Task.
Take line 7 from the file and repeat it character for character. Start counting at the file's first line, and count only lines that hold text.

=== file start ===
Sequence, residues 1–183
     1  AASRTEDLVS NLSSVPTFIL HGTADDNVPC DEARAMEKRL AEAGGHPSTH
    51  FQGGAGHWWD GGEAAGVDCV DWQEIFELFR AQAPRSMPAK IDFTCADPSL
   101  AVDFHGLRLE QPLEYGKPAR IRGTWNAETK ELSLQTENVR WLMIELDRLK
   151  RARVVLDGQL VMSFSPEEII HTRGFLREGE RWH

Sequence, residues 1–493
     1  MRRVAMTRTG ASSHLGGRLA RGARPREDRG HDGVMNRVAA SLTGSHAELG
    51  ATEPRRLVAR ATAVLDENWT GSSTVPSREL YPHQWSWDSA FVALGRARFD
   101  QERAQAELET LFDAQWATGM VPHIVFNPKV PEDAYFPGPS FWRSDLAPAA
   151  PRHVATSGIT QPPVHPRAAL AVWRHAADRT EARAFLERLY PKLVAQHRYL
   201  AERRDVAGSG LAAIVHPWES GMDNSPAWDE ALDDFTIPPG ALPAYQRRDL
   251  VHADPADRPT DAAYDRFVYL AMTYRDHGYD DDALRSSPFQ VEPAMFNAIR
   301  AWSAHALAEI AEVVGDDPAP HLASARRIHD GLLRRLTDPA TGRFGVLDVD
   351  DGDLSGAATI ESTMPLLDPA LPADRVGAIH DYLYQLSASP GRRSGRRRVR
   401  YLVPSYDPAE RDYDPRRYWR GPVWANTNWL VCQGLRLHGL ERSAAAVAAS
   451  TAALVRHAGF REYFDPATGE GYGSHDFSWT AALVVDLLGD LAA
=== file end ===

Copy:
     1  MRRVAMTRTG ASSHLGGRLA RGARPREDRG HDGVMNRVAA SLTGSHAELG